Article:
When built with earth-filled repurposed tires, an Earthship is able to store heat, which essentially insulates it from the outside temperature. When built with tire walls on three sides and a south-facing wall of windows, Earthships use energy from the sun to heat up the building. When the temperatures drop at night, the walls release heat into the indoor space
For cooling in warmer climates, tire walls will stay cool since they are filled with dirt. Earthships are designed to maintain an indoor temperature of around 70 degrees at all times.
2. Solar and Wind Energy
Earthship houses do not use traditional energy sources and are not connected to the power grid. Instead, each Earthship has its own power system built on wind and solar energy sources. The key is to limit the electrical needs of the Earthship home to ensure the power system is affordable and supplies adequate electricity. It’s estimated that Earthship homes have about 25 percent of the electrical needs of a conventional home.
For example, maximizing the use of sunlight in the design limits the need for lights during the day. Although solar power is the primary source of energy for these homes, a home wind turbine system can also be installed, if appropriate.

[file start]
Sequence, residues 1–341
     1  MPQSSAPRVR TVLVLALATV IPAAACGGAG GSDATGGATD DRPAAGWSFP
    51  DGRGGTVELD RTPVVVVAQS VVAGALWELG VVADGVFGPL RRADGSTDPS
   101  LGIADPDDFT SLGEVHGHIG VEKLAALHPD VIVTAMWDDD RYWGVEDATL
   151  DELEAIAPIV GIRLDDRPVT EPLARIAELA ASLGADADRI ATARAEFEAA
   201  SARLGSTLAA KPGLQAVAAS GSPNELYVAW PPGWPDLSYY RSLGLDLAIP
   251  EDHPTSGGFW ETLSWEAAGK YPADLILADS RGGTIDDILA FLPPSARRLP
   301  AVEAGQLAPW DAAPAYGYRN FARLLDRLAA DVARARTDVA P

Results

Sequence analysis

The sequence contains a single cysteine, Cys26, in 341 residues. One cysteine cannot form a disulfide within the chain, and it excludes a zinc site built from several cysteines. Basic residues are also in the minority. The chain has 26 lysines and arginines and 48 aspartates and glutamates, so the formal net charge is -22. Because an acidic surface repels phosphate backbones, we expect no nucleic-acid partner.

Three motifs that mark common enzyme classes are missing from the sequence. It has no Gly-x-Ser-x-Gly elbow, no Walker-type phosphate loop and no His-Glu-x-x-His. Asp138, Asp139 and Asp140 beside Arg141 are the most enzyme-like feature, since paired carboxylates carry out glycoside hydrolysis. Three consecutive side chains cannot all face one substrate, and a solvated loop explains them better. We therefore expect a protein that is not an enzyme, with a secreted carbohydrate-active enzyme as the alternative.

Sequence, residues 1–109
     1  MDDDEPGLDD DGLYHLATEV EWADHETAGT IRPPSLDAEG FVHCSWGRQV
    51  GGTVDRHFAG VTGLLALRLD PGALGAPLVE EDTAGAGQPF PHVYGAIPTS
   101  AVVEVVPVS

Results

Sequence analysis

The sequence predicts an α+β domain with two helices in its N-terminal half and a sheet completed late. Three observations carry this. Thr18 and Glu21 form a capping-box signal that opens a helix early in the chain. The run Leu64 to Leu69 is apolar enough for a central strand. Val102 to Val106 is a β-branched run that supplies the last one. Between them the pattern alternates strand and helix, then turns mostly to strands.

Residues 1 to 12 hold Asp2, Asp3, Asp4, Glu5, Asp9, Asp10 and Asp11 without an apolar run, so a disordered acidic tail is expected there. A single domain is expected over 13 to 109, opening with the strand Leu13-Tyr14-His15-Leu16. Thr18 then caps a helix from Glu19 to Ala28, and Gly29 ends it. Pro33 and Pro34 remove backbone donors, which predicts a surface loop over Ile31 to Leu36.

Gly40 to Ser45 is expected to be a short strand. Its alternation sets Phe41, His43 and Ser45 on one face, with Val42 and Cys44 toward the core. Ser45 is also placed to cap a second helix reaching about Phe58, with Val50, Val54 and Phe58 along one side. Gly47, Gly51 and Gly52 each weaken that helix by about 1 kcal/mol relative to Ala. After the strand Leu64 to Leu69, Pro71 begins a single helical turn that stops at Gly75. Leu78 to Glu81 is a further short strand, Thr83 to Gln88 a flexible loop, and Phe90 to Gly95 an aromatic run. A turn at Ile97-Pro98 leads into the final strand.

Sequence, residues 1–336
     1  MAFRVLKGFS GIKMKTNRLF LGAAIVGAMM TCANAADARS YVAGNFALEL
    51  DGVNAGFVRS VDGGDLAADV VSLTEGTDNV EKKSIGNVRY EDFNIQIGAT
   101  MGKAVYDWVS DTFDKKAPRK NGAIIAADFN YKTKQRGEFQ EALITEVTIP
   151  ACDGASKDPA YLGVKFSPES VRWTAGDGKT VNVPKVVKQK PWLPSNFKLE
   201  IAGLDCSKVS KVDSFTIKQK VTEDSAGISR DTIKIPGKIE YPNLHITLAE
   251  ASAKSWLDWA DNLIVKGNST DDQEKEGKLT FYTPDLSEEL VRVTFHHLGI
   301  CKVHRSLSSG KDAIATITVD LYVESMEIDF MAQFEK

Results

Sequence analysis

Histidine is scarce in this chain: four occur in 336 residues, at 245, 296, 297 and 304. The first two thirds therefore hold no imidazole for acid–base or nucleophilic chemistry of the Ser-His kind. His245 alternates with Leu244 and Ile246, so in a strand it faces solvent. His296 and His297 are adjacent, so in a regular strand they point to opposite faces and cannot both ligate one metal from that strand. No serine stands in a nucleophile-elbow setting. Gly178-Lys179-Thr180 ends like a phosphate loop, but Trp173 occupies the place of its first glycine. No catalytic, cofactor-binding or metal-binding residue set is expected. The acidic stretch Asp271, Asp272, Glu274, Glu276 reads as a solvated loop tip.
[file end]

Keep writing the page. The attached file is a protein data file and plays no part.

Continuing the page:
3. On-Site Sewage Treatment
Another principle of Earthship design is on-site sewage treatment. These systems use edible plants to “treat” gray water—water that’s been used for laundry, bathing, and washing dishes, for example. That gray water is then reused in the home’s toilets. Blackwater—used toilet water—goes to a septic tank system and then to a botanical cell, from where landscaping plants then use the water.
4. Natural and Recycled Materials
Earthship homes are exclusively built with natural or recycled materials to reduce their environmental impact. Recycled tires are typically used to build sturdy walls, foundations, and even roofing systems. Reclaimed wood, bottles, metal, mud, and other natural and upcycled materials are also used to build an Earthship house.
Using these materials reduces the need to manufacture new products and also prevents existing used materials, such as tires, from otherwise ending up in landfills. Upcycled materials are often used to add flair and personality to an Earthship interior, as well.